Albert Wada Receives the Ag Summit Governors Award for Marketing Innovation
BY JAKE PUTNAM
(GARDEN CITY) In the produce department at the Wal-Mart in Garden City, shoppers gather in the produce section. They’re looking at the ‘baby potatoes’ in the microwave bag, ‘Look, they’re ready to go, no washing, nothin,’ said the 30-something shopper to his wife. He dropped the mini spuds in the shopping cart.
Albert Wada of Pingree has done it again. The head of Wada Farms knows that people are busy and spending less time in the kitchen, so he’s marketing microwavable spuds, “This may be a solution for today’s time-starved consumers,” he says.
The colorful bags catch the eye, “It’s a one and-a-half pound gourmet, petite size yellow, red or russet potato,” said Wada. “And it’s ready to steam in the bag, you end up with is a potato that’s quartered and buttered right and ready to go.”
Wada is known for fearlessly chasing ideas to keep up with consumers, “We’ve had missteps and mistakes in judgment, over expansion or weather situations that caught up with us, but things work out,” he says with a twinkle in his eye. Wada farms more than 30-thousand acres of irrigated spuds.
The farmer’s diligent monitoring of the marketplace and consumers has transformed Wada Farms into an Industry giant and this years Governor’s award winner for Marketing Innovation.
Wada has a long history of thinking ahead not only on the consumer side of things, but the production side as well. He’s watched the rise and fall of potato fortunes for more than four decades, he says through the years farmers at times were their own worse enemies.
“We worked ourselves into a chronic over production situation,” said Wada. “We were raising more and better potatoes every year and the marketplace couldn’t accept that. Quite honestly supply and demand couldn’t accept that volume without selling at lower prices and it took a serious toll.”
Idaho Farmers had operated with the assumption that free enterprise, hard work and good weather would get them through the hard times. But the globalization of the market made farming even harder.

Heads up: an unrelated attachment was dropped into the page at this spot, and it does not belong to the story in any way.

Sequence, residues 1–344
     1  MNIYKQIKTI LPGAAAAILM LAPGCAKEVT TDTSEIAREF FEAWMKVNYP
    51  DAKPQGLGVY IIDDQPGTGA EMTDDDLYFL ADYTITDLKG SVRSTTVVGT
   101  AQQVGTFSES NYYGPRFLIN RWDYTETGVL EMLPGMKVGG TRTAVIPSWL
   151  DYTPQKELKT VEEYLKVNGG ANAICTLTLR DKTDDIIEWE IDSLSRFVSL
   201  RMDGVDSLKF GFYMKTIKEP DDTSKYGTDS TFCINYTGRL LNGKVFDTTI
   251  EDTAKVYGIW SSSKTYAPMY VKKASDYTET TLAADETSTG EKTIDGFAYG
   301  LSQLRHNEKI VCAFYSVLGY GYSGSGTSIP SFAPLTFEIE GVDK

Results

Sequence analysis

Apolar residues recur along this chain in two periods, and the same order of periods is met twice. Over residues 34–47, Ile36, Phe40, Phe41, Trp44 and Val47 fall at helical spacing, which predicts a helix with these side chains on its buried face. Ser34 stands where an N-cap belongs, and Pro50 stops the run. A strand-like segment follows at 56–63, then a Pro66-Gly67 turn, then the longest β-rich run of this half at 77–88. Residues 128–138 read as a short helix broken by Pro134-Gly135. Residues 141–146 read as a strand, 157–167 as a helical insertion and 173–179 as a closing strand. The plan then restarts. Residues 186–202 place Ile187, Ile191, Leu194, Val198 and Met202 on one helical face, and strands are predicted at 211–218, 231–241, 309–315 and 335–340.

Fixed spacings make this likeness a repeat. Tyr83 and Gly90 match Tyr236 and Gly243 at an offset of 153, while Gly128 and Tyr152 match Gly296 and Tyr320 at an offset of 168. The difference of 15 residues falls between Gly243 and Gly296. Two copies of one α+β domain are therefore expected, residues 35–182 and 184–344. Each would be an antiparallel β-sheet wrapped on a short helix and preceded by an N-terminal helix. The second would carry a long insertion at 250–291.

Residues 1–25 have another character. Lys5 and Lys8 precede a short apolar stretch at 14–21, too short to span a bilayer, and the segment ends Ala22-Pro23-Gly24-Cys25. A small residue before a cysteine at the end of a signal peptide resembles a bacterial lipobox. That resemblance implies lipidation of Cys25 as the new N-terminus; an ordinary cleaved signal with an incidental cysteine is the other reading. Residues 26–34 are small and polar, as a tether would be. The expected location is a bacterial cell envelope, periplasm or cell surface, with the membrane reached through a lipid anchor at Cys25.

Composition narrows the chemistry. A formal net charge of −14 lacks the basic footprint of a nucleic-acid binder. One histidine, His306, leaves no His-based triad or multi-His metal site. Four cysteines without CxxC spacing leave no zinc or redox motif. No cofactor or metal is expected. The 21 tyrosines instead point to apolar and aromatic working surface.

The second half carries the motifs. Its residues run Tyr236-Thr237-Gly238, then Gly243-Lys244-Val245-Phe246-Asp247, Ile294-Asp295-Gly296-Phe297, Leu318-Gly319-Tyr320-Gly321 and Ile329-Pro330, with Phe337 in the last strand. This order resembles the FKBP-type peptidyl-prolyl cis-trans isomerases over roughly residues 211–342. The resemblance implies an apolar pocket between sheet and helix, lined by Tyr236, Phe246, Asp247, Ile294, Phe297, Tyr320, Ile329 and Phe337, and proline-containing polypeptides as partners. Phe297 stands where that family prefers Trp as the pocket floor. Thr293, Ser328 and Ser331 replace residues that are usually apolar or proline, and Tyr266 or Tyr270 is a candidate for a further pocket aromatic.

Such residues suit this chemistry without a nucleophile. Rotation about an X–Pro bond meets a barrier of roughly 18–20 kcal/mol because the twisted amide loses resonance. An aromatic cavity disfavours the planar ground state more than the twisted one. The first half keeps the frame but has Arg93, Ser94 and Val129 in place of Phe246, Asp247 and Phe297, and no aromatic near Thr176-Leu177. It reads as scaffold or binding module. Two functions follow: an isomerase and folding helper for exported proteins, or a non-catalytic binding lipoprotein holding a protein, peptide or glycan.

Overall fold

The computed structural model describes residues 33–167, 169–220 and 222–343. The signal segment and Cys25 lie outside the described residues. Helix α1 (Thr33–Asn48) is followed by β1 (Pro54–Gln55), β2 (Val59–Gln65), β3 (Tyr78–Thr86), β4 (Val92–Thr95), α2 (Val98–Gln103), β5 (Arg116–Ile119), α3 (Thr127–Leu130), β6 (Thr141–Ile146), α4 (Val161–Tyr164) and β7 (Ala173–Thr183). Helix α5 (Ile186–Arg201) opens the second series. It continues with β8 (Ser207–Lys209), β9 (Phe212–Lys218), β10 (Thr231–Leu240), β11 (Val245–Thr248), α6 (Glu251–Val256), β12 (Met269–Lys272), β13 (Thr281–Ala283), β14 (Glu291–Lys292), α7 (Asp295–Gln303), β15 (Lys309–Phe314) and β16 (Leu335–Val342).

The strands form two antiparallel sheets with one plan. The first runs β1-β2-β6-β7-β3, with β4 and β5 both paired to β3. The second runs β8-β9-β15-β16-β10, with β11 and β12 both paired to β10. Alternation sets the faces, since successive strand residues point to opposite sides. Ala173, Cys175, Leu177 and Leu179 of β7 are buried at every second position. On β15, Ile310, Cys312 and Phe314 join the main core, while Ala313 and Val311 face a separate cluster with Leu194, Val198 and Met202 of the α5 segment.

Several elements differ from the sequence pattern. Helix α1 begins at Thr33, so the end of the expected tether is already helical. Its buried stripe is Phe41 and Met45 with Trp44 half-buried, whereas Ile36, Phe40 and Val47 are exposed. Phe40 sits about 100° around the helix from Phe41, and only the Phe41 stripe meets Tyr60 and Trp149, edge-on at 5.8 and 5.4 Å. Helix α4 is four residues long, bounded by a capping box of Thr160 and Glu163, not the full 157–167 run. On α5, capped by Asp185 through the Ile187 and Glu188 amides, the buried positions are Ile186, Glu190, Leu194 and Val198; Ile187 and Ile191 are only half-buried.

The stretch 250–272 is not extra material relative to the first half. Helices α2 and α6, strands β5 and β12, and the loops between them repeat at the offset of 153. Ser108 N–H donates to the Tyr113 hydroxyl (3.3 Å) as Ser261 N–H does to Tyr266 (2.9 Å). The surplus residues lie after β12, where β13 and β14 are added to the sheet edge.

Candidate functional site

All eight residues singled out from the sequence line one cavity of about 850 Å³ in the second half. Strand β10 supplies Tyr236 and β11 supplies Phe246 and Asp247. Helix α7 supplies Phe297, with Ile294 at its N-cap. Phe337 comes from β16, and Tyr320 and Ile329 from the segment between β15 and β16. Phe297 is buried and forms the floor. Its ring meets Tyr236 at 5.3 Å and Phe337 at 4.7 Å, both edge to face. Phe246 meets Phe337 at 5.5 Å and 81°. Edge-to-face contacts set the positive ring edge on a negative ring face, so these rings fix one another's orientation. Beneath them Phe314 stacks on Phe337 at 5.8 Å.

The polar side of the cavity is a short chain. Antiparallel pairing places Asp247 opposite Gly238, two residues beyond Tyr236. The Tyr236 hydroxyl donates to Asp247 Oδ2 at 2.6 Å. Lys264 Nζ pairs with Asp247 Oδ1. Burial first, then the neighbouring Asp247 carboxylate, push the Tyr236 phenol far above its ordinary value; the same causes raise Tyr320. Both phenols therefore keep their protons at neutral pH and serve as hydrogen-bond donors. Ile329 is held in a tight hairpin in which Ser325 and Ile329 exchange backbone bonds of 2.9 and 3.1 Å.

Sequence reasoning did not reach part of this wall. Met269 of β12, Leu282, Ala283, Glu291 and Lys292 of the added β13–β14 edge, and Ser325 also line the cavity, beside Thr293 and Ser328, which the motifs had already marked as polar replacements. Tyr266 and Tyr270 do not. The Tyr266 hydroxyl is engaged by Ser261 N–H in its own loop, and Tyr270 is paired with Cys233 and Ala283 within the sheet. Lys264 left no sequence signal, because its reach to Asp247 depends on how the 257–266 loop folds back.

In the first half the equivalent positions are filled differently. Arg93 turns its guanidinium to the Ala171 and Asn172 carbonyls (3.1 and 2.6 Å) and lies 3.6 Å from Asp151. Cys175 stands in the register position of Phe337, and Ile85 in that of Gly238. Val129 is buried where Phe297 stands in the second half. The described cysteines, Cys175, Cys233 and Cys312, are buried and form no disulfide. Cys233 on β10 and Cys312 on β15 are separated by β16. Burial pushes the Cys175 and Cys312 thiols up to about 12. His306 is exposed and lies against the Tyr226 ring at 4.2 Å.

Enter the North American Free Trade Agreement and suddenly the U.S. borders were open to the world, Canadian French fries started flooding the market and U.S. spud prices plummeted. To make matters worse in 2003 Canadians opened a large French-fry plant of their own, forcing the closure of the Burley plant and soon the United States was importing fries with Idaho farmers stuck with a huge surplus.
“Because of the magnitude of the losses we were surrendering huge amounts of money to this over production and getting half of the cost of production for a hundred weight of potatoes,” recalled Wada. “When you do that for more than a year or two you hemorrhage money and farm yourself out of equity. Wada set out to address the problem by managing the supply of fresh potatoes.
Albert Wada was the perfect person for the job, when the confident, soft spoken man speaks people listen.
He helped found United Fresh Potato Growers of Idaho in late 2003, and then worked at getting the attention of the nation’s other potato producers. He set out to unite as many growers as he could with the ultimate goal of ‘rationalizing the industry’ by fitting production to the market.
The next year at a National Potato Council meeting in Washington, D.C. Wada took it a step further and was the driving force behind the formation of the United Fresh Potato Growers of America an umbrella organization overseeing state co-ops. United immediately started monitoring the potato market and encouraged farmers to limit production to keep prices up.
“If you told me five years ago that I’d be involved in a cooperative movement the way I am currently, I probably would have given you a real dirty look, but the bottom line is that everything changes,” said Wada who started meeting with farmers stressing that the co-op preserved and promoted farmer independence. Under the plan farmers were still able to call their own shots, selling to anyone, on their own terms.
Wada told producers as long as prices stayed above the trigger point, the co-op would stay out of the picture. When it’s time to reduce supply, growers are free to take part in the buyout of acreage or crops and farmers with obligations were free to meet them. The market turned around but it’s a fragile, year to year proposition.The cooperative philosophy makes sense,” adds Wada. “It’s really unfortunate that more of the farming community can’t latch onto that and come together with enough effective critical mass to make a difference. We were able to do that at a relatively high degree because so many of us were in the same boat.”
“The cooperative model is the best chance, the best tool we have to manage our own economics,” said Wada.
At Wada Farms in Pingree everything is painted red, when asked about the color theme Wada chuckled. “When I get profitable with more assets than debt we’ll paint everything black; As long as I’m in the red, everything will stay red.”
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